If you do notice issues just take it to a shop. Learning bike repair self-sufficiency is awesome, but the goal here is to bike to work as soon as possible. Hassling around with your bike without tools or experience will always take longer than you expect and often make you extremely frustrated (trust me…). If you just bought it from the shop they will usually do the repairs free. Otherwise, the cost will likely be under $20 unless many parts need replacing.

If you’ve determined the bike is in good condition, you will still need three things in the near future:

  • Chain lubricant ($5-$10): Many shifting issues will be fixed by this alone, and it will help stave off rust.

  • Tire pump** ($7 - $70): Biking on low tires reduces your speed and can cause damage to your wheels, fill them regularly! The appropriate PSI will be indicated on the side of the tire. High end pumps are nice, but you can cheap out for now.

  • A decent U-lock ($15 - $30): You can get a cable lock for cheaper, but a U lock is significantly more secure and is what you will eventually upgrade to anyway.

STEP 3: PLAN AND TEST YOUR ROUTE

Congratulations! You now have a functional bicycle! Get ready to save money on gasoline, avoid traffic jams, and be healthier!

The only obstacle in your way now is figuring out your route to work. You could just bike on the roads you usually drive, but it is likely not practical or even possible (please don’t bike on the interstate).

The simplest way that I know of to determine your route is Google Maps. It isn’t perfect, but it is easy to use and does an admirable job of finding bike lanes and trails. Take a peek on your computer ahead of time to get a rough idea of what the route looks like.

Go for a test ride on a day you don’t work; you don’t want the pressure of being late while figuring out your route. Boot up Maps on your phone, turn the volume up to max, and stick the phone in a secure pocket. Alternatively, write the instructions on a piece of paper. Prioritize being aware of your surroundings over making all the correct turns, stop frequently to check the directions if needed.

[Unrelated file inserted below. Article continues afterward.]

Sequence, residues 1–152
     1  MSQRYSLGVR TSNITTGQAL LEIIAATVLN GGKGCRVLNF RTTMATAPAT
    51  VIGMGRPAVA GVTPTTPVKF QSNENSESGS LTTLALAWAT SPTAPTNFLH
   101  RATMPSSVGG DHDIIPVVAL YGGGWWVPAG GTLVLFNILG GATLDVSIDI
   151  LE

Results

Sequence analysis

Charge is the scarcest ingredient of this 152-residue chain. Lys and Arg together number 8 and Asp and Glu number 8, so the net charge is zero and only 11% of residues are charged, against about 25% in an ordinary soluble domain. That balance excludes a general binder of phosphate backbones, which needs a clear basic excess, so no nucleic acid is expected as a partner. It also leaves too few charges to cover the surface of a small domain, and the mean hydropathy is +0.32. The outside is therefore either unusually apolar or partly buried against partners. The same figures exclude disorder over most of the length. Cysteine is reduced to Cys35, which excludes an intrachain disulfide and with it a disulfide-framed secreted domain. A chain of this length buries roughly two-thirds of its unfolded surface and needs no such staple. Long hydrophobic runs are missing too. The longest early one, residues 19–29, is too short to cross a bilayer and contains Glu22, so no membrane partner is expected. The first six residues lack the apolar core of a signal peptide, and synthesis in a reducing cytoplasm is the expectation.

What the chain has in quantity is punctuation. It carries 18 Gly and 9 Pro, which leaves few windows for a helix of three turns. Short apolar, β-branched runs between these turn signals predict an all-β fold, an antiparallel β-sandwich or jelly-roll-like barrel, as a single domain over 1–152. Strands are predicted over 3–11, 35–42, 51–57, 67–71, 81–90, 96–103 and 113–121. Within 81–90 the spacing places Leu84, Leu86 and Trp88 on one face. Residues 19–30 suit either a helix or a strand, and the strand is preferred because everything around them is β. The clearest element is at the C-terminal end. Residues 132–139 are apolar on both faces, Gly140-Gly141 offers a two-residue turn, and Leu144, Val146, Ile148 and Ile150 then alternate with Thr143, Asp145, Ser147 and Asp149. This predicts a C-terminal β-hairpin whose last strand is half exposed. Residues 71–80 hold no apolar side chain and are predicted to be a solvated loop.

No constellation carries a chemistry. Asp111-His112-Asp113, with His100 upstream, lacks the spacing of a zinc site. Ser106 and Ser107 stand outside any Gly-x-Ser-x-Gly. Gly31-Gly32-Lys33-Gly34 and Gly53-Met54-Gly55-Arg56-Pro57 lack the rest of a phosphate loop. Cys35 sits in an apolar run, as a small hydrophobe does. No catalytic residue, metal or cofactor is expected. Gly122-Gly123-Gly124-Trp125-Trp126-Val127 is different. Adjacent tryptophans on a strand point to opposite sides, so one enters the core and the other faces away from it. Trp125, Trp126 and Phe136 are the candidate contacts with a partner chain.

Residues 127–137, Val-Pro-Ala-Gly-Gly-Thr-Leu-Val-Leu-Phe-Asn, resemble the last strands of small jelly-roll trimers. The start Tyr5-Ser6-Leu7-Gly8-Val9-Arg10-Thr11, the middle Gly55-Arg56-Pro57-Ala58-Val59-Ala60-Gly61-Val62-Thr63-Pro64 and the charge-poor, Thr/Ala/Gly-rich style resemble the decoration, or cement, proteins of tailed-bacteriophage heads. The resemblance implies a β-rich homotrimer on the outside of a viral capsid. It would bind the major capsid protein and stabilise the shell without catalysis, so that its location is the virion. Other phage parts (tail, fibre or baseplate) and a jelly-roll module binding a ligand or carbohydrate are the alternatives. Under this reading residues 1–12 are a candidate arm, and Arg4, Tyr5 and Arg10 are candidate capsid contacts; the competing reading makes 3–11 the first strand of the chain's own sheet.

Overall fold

Make a note of any roads that feel too busy for your liking, you can adjust and fine tune your route later. Even if Maps gives you the “quickest” route, it may not be the best. It’s worth a bit of extra distance if you can be on a separated bike trail or wide bike lane versus being crowded on a busy street.

Make the trip once or twice more until you’re confident. If you still aren’t sure, give yourself a pep talk and do it tomorrow!

STEP 4: START BIKING!

That’s it! Go out and do it! Allow yourself extra time at first, but soon your commute will be second nature just like driving is (was). Be sure to reap the rewards of exercising by packing extra food, and note how little you need to fill up your car’s gas tank.

BUT WAIT, I THOUGHT I NEEDED…

Skintight biking clothes

  • Not at all, any synthetic athletic wear is great. Save the lycra for the Tour de France. You could even wear your work clothes while biking for added simplicity, but they might not breathe as well.***

To shower after biking

  • Even in hot weather, you can avoid getting too sweaty by going at a slower pace. Yes, this will make your commute a bit longer, but you’ll increase your speed with time. A stick of deodorant is all you need afterwords if you aren’t dripping with sweat. Change into your work clothes in the bathroom stall if there isn’t a locker room.

A rack and pannier

  • Nice to have, but will set you back even more money. Use a backpack for now and put them on your birthday list once you are consistently bike commuting!

Do you have any tips for new bike commuters that I missed? Leave a comment below!



*If your commute is over 10 miles, you can still make it work! Commuting by bike may be a more lofty goal, but see if you can do it at least once (See “Add adventure to your commute”)

**Note that bike tires have different valves, Presta and Schrader. Schrader valves are what you see on car tires. Make sure you get a pump that can work with what you have.

***If you’re wearing nice-ish pants be sure to roll up the leg or wrap something tightly around your calf, pants have a tendency to rub against chain and get black bike grease marks.